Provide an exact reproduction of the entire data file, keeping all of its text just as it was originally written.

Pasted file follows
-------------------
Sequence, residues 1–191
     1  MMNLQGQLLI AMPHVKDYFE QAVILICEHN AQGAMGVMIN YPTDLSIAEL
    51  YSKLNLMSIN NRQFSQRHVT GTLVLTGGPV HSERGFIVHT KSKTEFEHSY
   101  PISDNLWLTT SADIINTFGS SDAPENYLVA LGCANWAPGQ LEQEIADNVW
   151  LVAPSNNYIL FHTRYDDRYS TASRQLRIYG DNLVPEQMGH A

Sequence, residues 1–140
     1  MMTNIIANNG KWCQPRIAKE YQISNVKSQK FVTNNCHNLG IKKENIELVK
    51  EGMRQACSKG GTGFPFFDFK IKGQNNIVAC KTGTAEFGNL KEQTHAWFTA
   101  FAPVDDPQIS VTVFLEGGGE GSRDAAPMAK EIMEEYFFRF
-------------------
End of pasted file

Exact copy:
Sequence, residues 1–191
     1  MMNLQGQLLI AMPHVKDYFE QAVILICEHN AQGAMGVMIN YPTDLSIAEL
    51  YSKLNLMSIN NRQFSQRHVT GTLVLTGGPV HSERGFIVHT KSKTEFEHSY
   101  PISDNLWLTT SADIINTFGS SDAPENYLVA LGCANWAPGQ LEQEIADNVW
   151  LVAPSNNYIL FHTRYDDRYS TASRQLRIYG DNLVPEQMGH A

Sequence, residues 1–140
     1  MMTNIIANNG KWCQPRIAKE YQISNVKSQK FVTNNCHNLG IKKENIELVK
    51  EGMRQACSKG GTGFPFFDFK IKGQNNIVAC KTGTAEFGNL KEQTHAWFTA
   101  FAPVDDPQIS VTVFLEGGGE GSRDAAPMAK EIMEEYFFRF